- The Daydream Blog » Blog Archive » Stephen Fry on Smart Phones Says:
September 20th, 2007 at 3:41 am[…] Stephen Fry has started a blog and picks smart phones as his first topic. Stephen Fry is a gadget freak, who knew? Devices And Desires […]
- Mr and Mrs Mobile » Blog Archive » Stephen Fry is a huge, huge mobile geek! Says:
September 20th, 2007 at 3:59 am[…] Stephen Fry » Blog Archive » Device and Desires My guess is that iPhone 3 is going to be closer to the Dynabook than anyone dreamed possible. […]
- morrijr Says:
September 20th, 2007 at 4:10 amThis device isn’t finished but you might like to look into the openmoko project… http://www.openmoko.com/ and it’s (upcoming) first release of open hardware (meaning that anyone can make the phone (assuming they have the necessary abilities)) running open software phone (meaning anyone can write software for the phone (again, assuming they have the necessary abilities)).
To quote from the site…
“Mobile phones, currently closed and self limited, will rival broadband computers. When based on Open standards, they will deliver ubiquitous computing and vanish.
Ubiquitous computing means more than computing wherever you wander: It means knowing the locale, weaving seamlessly into the local fabric, and vanishing.
Devices disappear when developers have unrestricted access to hardware.
Neo gives you this control for the first time.
We want your mind in OpenMoko. Let’s work together. You’ll have our full support. Now, Free Your Phone.”
Now I have absolutely no doubt that this will not fit all your needs. However, it would not be beyond the realms of possibility to get together with others who see the same short comings (be it hardware or software) and change the reference implementation.
Why rely on somebody whom you can’t suggest ideas too. Personally I can’t wait to see what their first, non-developer, release is like.
- Nseries WOM World » Blog Archive » Stephan Fry on devices desires and the N95 Says:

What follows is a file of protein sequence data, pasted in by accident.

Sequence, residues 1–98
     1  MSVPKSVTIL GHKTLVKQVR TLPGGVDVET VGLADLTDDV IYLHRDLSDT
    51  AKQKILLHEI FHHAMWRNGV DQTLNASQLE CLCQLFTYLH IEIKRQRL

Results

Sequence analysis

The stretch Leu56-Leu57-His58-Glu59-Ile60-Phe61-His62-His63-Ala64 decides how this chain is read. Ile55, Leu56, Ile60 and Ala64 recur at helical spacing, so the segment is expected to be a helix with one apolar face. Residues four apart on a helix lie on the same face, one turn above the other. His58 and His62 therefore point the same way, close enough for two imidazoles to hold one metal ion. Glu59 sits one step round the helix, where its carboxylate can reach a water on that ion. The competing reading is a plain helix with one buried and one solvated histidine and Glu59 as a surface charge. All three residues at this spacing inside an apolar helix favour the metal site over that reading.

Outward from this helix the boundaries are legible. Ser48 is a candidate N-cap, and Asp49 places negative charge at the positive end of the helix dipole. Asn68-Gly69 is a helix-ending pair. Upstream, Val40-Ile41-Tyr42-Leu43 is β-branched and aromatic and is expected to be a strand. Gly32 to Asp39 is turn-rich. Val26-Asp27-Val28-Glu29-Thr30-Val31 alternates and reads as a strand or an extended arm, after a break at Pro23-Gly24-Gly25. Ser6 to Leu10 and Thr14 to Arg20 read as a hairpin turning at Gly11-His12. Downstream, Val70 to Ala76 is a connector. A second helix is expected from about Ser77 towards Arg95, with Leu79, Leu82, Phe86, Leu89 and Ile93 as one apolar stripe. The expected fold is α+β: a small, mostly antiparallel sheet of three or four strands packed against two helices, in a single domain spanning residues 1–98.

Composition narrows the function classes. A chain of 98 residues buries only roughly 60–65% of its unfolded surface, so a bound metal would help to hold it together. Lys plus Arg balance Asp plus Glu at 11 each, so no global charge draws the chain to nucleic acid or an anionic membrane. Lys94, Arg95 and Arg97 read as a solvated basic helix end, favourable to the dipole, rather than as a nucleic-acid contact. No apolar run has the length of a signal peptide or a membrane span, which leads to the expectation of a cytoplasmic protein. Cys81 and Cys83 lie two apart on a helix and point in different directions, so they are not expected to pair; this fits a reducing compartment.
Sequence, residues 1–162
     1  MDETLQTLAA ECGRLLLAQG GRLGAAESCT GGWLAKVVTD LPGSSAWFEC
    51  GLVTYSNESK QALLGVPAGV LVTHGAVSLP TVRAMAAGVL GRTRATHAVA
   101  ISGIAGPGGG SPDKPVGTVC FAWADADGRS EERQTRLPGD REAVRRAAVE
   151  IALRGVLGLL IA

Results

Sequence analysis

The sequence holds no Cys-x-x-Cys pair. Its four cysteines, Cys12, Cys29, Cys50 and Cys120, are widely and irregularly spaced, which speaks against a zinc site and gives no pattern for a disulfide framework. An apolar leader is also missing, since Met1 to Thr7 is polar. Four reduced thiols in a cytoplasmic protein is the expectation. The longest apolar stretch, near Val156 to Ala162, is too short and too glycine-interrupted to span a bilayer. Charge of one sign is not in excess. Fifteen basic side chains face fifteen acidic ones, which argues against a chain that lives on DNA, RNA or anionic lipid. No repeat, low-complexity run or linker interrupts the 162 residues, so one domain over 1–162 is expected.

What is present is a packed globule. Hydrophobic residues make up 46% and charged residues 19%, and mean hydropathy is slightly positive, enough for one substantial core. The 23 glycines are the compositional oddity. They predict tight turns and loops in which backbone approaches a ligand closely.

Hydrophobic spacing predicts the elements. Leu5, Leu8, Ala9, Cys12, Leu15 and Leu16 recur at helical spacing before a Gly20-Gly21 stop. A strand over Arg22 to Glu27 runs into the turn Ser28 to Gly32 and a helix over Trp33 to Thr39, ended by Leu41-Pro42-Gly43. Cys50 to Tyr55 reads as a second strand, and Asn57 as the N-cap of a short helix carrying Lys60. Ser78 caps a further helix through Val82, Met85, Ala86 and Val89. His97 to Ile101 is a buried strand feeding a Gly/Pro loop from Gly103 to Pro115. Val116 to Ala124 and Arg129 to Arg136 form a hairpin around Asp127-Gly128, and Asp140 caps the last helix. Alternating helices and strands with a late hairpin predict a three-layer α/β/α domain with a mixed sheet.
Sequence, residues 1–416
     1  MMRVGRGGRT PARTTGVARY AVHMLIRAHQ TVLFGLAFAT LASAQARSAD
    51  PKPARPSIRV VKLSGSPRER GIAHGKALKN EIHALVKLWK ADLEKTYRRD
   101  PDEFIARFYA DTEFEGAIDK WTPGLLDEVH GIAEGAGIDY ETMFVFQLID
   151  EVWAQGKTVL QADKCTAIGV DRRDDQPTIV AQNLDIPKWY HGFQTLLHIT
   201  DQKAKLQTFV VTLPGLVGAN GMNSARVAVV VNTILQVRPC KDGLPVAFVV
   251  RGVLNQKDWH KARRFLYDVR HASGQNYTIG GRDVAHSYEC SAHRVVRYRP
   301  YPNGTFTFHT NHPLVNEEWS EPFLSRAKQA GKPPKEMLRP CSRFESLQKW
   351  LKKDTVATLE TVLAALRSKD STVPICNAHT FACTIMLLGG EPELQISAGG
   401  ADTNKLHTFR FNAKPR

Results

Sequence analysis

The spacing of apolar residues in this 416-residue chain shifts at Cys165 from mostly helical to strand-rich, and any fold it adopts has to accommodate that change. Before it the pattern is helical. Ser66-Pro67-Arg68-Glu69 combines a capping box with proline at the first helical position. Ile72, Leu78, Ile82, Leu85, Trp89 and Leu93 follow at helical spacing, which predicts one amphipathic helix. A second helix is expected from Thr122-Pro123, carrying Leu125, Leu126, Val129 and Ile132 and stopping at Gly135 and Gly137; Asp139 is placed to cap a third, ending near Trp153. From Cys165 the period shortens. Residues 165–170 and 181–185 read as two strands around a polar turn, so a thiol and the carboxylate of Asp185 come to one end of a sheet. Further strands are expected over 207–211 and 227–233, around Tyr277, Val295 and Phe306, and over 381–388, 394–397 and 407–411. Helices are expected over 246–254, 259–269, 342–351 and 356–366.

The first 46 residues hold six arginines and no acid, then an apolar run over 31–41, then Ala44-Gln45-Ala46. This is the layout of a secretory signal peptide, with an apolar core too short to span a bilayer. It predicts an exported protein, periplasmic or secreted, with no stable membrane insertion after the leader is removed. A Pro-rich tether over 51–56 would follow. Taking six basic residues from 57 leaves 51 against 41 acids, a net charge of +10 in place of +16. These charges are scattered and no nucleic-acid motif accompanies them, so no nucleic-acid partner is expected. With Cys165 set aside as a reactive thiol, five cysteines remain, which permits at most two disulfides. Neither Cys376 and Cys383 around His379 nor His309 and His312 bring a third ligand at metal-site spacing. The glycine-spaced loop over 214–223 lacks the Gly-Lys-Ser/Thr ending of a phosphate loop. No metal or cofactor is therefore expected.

September 20th, 2007 at 4:15 am[…] opinion this is a great place to start, or even if you’re just really into your mobiles it’s a great read. Be sure to join the massive discussion happening in his comments […]
- jovike Says:
September 20th, 2007 at 4:24 amHello Stephen, nice to see you here. (My 50th birthday next week, so I enjoyed watching yours on Freeview!)
Very perceptive and well-written piece; I wrote an essay about design and Apple on my blog when the iPhone was launched. Of course it is all about design: the ghastly Nokias I have to use at work are a case in point. Trying to text without exiting the mode and thus losing all the input is dicy.
And of course the Apple Mac is a lovely machine to come home to after problems using Windows at work.
Thank you Stephen, I look forward to you exposing more of your enormous hinterland.
- JeFurry Says:
September 20th, 2007 at 4:55 amThank you for writing this, Mr Fry. As a technical person, it’s all too easy for me to get bogged down in the specifications and potential of a device, and forget that one has to actually use it in order for a given feature to actually be… well, useful!
I too remember the Psion Series 3 fondly, and while the Series 5 had considerable technical superiority, and several genuine advantages, it lacked the sheer polished grace and perfection achieved by its predecessor, which has yet to be equalled by any device that I (or by the sound of it, you) have seen. The integration and reliability were near-perfection, though the perceived need for flashier multimedia features pushed into the Series 5 and beyond caused the sacrifice of that integration and polish.
The iPhone, driven as it is by Apple’s insight into users’ wishes and implementation thereof, is in a position where it could achieve that rare nirvana of being a genuinely good device which /also/ has public recognition and acceptance. As I’m still awaiting the UK version, this is merely a hope rather than a conviction. However, it’s also held back by Apple’s usual approach of producing a device that does a few things well, and anything it can’t do well it doesn’t do at all This is in many ways a sensible approach – often that which the customer wants is not the same as what the customer /needs/ – but it’s somewhat risky for a device so clearly in the public eye. The same could be said of the iPod, and of course the iPod is doing well, but I imagine it would do even better if it adopted some of the features its rivals boast over it.